Most Family Physicians Don't Want to Treat Addiction

Most Family Physicians Don't Want to Treat Addiction

Many, if not most family physicians, don't like or want to treat patients suffering from drug or alcohol addiction. In fact, one national survey found that nearly half of all doctors consider alcohol addiction to be "a personal or moral weakness." And it’s basically the same for prescription drug addiction and illegal drug addiction. To an addict seeking help, no matter how committed to recovery he or she is, a doctor’s contempt can't be disguised for long. It not only discourages a patient’s hope, it can actively sabotage his or her reach for help, and send them back to their addiction. People don't normally expect that kind of attitude from a doctor, no matter what’s wrong with them. To most of us, doctors are often who we turn to in our darkest hour of need. And we expect to be received, listened to and treated with the highest standards of care and respect. But unfortunately, that isn't the way things always are. According to surveys and studies here and in Europe, health professionals generally have negative attitudes towards patients with substance use problems.

For example:

  • A 2011 study found that health professionals' regard for working with substance users, especially drug users, was "consistently lower compared with other patient groups, such as patients with depression or diabetes" (Gilchrist et al., 2011).
  • Physician attitudes towards illicit drug users were especially negative in another study. The majority of professionals preferred the care for these patients to be provided solely by addiction specialists, because they were unable or unwilling to 'empathize with patients who use illicit drugs' (McLaughlin et al., 2006).
  • A study of nurses found that most nurses were "poorly motivated to care for patients who use illicit drugs" and reported "low levels of satisfaction" in having to do so (Ford et al., 2008).
  • A small but revealing study showed that professionals hold "more stigmatizing attitudes" towards patients with an active substance use disorder compared to patients with mental illness. Their attitudes were more positive about patients already in recovery compared to those in relapse. And patients that were abstaining and holding down jobs also drew a more positive attitude (Rao et al., 2009).

Any idea that addiction is a character flaw or psychological failing flies directly in the face of modern scientific evidence. Substance dependence and addiction may stem in part from a psychological need, but once it’s taken hold, there are purely biological conditions that need to be addressed as well. Addicts lose the ability to voluntarily control drug-related behavior, but their physical health is also seriously in jeopardy. At this point, medical help is always indicated. In a nationally representative survey of 400 primary care physicians conducted by the National Center on Addiction and Substance Abuse at Columbia University (CASAColumbia), 80 percent of them said they were "qualified to identify drug abuse and addiction." But when the confident 80 percent were presented with the case of a middle-aged woman displaying symptoms of alcohol and prescription drug abuse, only 1 percent of them correctly diagnosed substance abuse - or even considered such a diagnosis. Keep in mind that this wasn't a patient addicted to some rare or exotic drug. It was the case history of an aging American alcoholic and pill popper - absolutely the commonest patient type in the country with a substance use problem, the exact type of patient that every family physician encounters multiple times during his or her career. And only 1 percent recognized the symptoms, which would have been obvious to someone properly trained in addiction. But let’s look back at that 20 percent of physicians who did not feel confident about recognizing addiction symptoms. That’s a fifth of the nation’s 210,000 family physicians - roughly 44,000 doctors - who aren't qualified to diagnose even the most basic and common substance abuse cases. Yet most of them are presented with substance abuse and addiction on a regular basis. The main cause of such a situation is little or no training on addiction and addictive drugs at medical schools.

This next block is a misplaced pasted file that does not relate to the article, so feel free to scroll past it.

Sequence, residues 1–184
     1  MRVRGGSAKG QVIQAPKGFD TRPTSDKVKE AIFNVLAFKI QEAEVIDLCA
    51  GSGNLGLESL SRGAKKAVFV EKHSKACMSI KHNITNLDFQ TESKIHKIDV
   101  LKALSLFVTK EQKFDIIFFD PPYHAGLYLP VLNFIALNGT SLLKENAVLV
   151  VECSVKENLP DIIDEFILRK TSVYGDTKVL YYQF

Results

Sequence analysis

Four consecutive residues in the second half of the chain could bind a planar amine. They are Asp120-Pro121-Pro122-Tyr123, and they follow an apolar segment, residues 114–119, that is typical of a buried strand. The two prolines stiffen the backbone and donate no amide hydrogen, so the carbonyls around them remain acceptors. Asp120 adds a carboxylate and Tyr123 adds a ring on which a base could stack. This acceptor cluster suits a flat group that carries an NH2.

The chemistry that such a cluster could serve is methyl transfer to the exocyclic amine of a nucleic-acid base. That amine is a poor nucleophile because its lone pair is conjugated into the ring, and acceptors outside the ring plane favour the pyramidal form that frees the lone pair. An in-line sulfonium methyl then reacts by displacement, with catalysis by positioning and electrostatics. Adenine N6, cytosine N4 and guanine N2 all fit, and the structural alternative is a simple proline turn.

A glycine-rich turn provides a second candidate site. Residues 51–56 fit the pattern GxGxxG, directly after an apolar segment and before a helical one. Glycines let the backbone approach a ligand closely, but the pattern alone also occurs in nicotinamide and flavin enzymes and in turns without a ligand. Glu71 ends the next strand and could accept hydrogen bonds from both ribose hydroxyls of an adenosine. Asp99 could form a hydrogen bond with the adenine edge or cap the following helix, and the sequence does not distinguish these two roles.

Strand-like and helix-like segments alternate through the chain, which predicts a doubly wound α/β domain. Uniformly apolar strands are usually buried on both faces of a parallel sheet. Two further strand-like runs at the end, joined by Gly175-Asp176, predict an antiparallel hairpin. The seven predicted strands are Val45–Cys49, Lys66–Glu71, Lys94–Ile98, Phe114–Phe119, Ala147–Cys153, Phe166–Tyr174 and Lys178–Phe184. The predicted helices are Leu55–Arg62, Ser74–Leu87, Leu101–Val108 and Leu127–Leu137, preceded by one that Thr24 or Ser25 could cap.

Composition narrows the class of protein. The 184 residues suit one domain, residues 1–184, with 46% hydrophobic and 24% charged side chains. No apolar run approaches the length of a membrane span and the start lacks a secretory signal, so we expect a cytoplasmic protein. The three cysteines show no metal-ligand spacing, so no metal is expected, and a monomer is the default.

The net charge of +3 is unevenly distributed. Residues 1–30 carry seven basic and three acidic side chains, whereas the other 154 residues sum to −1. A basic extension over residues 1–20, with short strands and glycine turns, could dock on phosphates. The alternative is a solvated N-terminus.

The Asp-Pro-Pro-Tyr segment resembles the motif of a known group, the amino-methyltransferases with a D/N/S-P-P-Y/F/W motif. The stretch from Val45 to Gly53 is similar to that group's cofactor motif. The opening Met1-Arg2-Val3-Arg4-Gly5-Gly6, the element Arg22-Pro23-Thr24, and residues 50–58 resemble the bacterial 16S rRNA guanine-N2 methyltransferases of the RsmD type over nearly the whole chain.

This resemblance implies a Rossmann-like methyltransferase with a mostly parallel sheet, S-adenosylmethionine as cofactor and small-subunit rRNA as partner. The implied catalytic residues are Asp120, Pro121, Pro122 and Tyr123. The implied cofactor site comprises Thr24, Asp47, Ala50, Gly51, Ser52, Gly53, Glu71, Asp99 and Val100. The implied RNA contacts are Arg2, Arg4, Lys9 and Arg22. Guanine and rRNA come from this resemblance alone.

A survey from CASAColumbia found:

  • Less than 20 percent of physicians received instruction in identifying diversion of controlled prescription drugs, most had only a few hours of instruction, and only 7.4 percent completed an entire course.
  • Less than 40 percent of physicians received instruction in identifying prescription drug abuse/addiction. Again, half received only a few hours or less, and only 7.5 percent had an entire course.
  • Just over 50 percent of physicians surveyed received instruction in prescribing controlled drugs, half of them received only a few hours or less, and only 5.5 percent had an entire course.
The results are obvious. Most doctors don't learn all that much about:
  • How to recognize symptoms of drug and alcohol addiction, especially early symptoms
  • How to treat patients with substance dependence or addiction
  • How to properly prescribe and manage controlled drugs
  • When prescribing controlled drugs, how to first identify patients at risk of addiction
  • How to identify and deal with diversion of addictive prescription drugs.